Her teammate Kikkan Randall was 19th at the Swedish World Cup, after winning FIS races (not quite as prestigious as World Cup races) in Muonio, Finland. U.S. Ski Teamer Kris Freeman also won at Muonio. And Andy Newell of Shaftsbury, the only other Vermonter on the U.S. cross-country squad, finished last season ranked fourth in the world as a sprinter. At Vancouver last winter, the U.S. Ski Team’s Nordic combined (including ski jumping and cross-country skiing) athletes won the first U.S. Olympic medals ever in their sport. Clearly, Stephen is part of a trend with momentum.

Held every two years, the Nordic World Ski Championships are “as big a deal, if not even better competition, than the Olympics,” declares Stephen. And this winter, the competition is in Oslo, considered the birthplace of skiing. As many as a half-million fans are expected to hit its snowy streets. “You don’t get the same kind of extras that you get at the Olympics,” says Stephen. “People are there to focus more on competition.”

Scheduled for February 23 to March 5, the championships make for a nice long stretch in what can be a World Cup skier’s whirlwind-paced schedule. “It’s four months of travel,” says Stephen. “We live out of suitcases; you’re on the road in small quarters, and sometimes — all the time — something goes wrong: Somebody’s not having a good week, or somebody’s having a bad season, or somebody’s sick, or somebody’s just in a bad mood. You have to learn how to deal with all that’s getting thrown at you; you have to figure out how to stay positive even when you’re not having a good time at all.”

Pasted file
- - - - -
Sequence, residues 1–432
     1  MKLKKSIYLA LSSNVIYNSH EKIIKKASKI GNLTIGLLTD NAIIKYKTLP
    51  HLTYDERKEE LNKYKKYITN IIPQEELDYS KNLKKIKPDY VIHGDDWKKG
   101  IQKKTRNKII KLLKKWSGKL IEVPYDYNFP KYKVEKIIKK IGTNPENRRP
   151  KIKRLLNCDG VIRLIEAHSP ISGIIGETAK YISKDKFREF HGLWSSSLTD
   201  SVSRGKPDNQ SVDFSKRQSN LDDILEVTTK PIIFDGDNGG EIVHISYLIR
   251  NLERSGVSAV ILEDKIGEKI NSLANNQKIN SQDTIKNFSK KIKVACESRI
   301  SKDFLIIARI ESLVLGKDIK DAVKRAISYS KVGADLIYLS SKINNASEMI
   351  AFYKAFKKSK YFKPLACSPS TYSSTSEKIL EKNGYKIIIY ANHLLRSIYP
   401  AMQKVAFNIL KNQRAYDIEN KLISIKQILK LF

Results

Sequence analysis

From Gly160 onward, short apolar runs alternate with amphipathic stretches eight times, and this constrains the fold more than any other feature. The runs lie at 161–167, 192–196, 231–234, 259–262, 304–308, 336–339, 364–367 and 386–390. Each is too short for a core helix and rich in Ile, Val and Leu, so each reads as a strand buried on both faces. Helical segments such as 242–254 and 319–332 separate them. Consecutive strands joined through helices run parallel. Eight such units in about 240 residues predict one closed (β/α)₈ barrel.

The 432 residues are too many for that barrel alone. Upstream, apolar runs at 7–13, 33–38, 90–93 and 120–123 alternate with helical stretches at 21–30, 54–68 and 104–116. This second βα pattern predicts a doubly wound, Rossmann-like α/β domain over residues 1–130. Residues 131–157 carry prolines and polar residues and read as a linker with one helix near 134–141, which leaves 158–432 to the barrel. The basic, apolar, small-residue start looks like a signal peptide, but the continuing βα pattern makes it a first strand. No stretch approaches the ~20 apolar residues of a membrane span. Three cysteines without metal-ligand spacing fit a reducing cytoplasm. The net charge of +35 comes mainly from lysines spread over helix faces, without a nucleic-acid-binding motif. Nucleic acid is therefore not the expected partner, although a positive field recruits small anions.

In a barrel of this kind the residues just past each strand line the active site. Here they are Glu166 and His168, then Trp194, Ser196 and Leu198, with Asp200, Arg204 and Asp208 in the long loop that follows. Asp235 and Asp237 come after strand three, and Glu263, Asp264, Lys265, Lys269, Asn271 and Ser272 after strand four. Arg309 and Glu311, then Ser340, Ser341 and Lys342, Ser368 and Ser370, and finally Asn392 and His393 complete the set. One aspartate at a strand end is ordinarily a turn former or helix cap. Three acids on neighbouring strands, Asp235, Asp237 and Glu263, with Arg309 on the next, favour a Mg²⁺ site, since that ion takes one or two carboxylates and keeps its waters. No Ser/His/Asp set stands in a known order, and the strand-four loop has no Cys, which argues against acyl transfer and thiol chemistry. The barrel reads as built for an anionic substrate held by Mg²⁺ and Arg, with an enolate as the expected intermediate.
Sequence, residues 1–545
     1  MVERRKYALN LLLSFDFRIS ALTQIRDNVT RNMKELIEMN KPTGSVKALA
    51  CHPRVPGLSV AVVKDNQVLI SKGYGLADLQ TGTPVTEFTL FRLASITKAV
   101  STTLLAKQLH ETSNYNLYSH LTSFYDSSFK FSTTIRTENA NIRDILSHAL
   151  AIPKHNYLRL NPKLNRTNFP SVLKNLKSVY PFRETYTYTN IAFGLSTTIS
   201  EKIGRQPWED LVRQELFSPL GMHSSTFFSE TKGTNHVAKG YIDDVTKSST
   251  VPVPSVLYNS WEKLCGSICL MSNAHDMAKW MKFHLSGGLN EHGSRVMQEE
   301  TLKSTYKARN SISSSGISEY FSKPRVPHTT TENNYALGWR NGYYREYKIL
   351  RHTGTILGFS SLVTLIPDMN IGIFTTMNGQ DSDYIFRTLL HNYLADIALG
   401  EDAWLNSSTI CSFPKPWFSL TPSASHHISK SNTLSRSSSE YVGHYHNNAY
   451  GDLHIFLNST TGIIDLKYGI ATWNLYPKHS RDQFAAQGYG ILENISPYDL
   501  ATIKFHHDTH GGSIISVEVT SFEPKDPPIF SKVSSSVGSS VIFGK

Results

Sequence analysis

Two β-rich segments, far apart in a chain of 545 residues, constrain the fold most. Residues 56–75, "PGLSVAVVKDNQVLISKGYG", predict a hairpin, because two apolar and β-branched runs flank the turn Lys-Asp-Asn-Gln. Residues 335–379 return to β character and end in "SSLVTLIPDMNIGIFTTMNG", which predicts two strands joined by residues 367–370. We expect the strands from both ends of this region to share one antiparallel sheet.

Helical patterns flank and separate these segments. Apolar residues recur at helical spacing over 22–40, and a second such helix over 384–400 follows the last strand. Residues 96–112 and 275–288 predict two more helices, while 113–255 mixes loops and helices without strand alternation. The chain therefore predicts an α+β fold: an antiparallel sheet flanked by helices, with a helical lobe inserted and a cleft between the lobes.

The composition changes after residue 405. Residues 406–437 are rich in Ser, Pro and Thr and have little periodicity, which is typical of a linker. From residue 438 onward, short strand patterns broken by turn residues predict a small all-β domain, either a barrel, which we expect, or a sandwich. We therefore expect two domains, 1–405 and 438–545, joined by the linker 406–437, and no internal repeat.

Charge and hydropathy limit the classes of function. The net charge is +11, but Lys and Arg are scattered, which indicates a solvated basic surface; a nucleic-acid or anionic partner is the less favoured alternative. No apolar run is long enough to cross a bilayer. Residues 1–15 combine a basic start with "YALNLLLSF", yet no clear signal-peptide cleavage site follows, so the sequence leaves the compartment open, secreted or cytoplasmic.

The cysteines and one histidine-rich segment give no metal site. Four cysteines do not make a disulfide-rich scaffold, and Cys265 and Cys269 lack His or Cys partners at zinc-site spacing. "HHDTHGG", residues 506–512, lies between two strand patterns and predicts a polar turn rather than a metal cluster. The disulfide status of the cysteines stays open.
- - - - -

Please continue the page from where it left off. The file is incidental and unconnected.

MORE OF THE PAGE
Still, anyone reading Stephen’s blog, Full Sass, would never call her the Negative Nancy of the group; her entries are entertaining, insightful and energetic. The blog, she says, gives her a pastime on the road and will serve as a souvenir for one of the world’s best cross-country skiers.

“This isn’t going to last forever,” says Stephen, who sometimes checks in with her family in Vermont when the skis aren’t going straight. “There certainly are times,” she says, “when I’m calling home, going, ‘Man, some homemade applesauce would taste really good right now.’”

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About The Author

Sarah Tuff Dunn

Sarah Tuff Dunn

Bio:
Sarah Tuff Dunn is a frequent contributor to Seven Days and its monthly parenting publication, Kids VT. She is the co-author of 101 Best Outdoor Towns.